In the World Economic Outlook, published today, the International Monetary Fund advised Western Governments to adopt a balanced budget plan for growth.
In response SMF Director Ian Mulheirn said:
“The IMF has rightly recognised that the choice facing Governments is not simply a choice between austerity or borrowing more in pursuit of growth. Pursuing a potent growth strategy within the existing deficit reduction plans would simultaneously strengthen the Government’s fiscal credibility in the bond markets and boost economic output – cutting unemployment by potentially hundreds of thousands.”
Last month the SMF published a plan for growth which called on the Chancellor to adopt a new fiscal strategy focusing on the ‘multiplier effects’ of different policies, arguing for careful discrimination between policies that boost GDP and those that don’t. It called for the immediate implementation of growth friendly cuts – including axing the winter fuel allowance and higher rate pensions tax relief – and for the money to be channelled into transport and energy infrastructure projects that can boost output in the short-run and are vital for long-run economic growth.
Ian Mulheirn continued:
“Today’s IMF report is a timely reminder that austerity alone is not a growth plan. Our plan would boost economic activity by £10bn in each of the next three years without altering the existing deficit reduction plan, creating a stimulus twice as potent reversing last year’s VAT rise. Instead of sitting on its hands and accepting austerity, the Government should heed the IMF’s – and the SMF’s – advice and adopt a balanced budget plan for growth.”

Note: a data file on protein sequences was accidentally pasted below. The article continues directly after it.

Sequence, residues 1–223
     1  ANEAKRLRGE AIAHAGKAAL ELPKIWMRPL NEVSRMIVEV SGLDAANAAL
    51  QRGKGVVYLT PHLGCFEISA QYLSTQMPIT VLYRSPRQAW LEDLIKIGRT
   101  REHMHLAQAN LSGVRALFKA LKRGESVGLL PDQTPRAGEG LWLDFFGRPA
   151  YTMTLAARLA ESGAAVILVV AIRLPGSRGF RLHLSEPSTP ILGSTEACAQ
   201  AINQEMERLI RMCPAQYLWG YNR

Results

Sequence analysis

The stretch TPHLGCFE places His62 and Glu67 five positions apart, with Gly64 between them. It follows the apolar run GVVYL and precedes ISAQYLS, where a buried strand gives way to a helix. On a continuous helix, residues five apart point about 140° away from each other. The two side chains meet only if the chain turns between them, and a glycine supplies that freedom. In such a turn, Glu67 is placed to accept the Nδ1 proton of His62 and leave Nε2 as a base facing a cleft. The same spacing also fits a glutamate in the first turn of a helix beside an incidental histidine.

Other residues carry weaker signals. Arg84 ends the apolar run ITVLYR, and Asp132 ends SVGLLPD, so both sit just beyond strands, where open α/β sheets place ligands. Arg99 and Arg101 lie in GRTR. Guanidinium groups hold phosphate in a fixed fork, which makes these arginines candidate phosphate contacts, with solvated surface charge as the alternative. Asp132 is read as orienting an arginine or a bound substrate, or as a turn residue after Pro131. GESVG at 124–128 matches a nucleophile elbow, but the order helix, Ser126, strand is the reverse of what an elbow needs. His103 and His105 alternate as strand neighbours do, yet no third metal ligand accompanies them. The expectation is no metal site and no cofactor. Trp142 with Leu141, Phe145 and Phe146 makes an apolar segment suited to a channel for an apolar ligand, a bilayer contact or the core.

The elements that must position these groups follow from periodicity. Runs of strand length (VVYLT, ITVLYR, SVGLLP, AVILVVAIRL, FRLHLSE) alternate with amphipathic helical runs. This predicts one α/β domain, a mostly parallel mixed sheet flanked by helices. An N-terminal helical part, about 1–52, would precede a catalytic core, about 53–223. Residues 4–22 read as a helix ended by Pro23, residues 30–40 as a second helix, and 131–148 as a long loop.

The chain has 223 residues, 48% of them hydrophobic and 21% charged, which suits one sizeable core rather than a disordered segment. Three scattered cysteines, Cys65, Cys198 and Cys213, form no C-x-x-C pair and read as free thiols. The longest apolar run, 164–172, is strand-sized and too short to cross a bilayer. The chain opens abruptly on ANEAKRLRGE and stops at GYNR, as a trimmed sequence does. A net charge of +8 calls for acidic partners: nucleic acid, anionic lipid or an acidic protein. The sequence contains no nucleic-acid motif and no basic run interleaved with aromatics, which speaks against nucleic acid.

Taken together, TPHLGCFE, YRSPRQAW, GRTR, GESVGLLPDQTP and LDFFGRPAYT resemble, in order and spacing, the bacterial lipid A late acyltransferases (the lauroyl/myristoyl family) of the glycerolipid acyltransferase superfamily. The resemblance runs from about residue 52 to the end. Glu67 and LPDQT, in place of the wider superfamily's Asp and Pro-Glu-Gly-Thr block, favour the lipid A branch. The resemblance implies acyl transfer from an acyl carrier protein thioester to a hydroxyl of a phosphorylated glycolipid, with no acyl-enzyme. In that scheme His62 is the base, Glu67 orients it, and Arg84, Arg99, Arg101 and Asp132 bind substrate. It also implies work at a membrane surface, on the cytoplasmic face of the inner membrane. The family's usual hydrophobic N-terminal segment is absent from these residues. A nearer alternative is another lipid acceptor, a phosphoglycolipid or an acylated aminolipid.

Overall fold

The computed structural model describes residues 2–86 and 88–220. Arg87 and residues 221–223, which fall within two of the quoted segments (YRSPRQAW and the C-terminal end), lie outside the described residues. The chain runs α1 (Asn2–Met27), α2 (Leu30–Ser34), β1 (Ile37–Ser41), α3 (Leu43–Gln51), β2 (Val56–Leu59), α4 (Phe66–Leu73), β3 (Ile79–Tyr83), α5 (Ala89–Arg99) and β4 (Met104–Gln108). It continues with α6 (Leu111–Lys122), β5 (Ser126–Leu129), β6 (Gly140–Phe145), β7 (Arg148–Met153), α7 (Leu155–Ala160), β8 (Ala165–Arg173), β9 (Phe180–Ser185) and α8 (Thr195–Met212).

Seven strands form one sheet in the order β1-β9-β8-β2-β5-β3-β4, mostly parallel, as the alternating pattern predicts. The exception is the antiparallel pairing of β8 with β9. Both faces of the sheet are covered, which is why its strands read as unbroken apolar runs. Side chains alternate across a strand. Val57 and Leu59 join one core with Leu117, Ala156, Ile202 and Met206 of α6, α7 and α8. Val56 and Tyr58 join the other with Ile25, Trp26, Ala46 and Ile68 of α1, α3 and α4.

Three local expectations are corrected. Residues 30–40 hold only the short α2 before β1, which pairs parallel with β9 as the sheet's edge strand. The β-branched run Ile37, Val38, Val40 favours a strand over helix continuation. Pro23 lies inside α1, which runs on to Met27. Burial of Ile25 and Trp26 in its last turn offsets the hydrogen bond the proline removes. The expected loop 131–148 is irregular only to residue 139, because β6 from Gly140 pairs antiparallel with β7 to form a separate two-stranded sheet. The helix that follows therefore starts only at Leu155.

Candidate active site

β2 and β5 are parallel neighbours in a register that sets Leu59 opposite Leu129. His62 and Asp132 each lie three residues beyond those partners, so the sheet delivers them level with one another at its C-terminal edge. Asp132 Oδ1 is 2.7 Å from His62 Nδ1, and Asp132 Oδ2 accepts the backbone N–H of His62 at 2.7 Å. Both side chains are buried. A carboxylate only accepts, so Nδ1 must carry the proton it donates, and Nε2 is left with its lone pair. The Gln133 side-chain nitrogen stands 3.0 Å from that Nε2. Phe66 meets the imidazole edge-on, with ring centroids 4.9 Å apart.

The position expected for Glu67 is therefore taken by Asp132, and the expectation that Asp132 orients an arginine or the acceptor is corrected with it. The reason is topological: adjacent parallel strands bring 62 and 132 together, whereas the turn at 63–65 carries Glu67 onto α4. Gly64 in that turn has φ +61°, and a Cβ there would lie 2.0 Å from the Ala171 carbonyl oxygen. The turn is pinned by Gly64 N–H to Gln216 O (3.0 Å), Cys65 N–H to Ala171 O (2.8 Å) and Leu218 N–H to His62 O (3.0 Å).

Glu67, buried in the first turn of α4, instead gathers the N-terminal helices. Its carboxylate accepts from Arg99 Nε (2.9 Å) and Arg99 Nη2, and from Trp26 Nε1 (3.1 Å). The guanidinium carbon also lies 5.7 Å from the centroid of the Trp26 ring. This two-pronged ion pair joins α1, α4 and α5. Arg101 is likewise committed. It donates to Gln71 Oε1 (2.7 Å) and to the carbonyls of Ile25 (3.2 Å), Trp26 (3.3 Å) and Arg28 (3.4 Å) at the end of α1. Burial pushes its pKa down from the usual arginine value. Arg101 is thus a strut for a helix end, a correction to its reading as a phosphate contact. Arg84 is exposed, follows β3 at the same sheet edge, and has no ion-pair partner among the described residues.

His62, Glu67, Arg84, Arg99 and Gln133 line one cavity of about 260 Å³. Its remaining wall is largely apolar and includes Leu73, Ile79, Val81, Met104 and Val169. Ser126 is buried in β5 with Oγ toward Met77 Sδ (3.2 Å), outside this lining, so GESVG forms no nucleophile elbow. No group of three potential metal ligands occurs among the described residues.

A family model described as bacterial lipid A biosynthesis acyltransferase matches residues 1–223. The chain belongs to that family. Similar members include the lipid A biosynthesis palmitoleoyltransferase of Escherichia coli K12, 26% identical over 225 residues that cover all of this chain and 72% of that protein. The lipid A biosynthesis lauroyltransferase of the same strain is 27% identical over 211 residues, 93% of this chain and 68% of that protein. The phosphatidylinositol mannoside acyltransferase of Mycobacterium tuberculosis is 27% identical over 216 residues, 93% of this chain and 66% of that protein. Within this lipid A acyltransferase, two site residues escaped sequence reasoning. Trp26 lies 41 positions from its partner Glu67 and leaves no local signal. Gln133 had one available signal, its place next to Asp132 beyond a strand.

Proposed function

Notes to Editors
- In the World Economic Outlook, the IMF states: “given concerns about fiscal room, a balanced budget fiscal expansion could support activity and employment while keeping fiscal consolidation plans on track. For example, temporary tax hikes matched by increases in government purchases – for much-needed infrastructure – could lead to an almost equal rise in output“.
- Osborne’s Choice: Combining fiscal credibility and growth is by Ian Mulheirn. Download a copy.
- The paper includes responses from a number of respected economic commentators, including Robert Shiller, Gavyn Davies, Evan Davis and Sir Richard Lambert. Full responses can be viewed here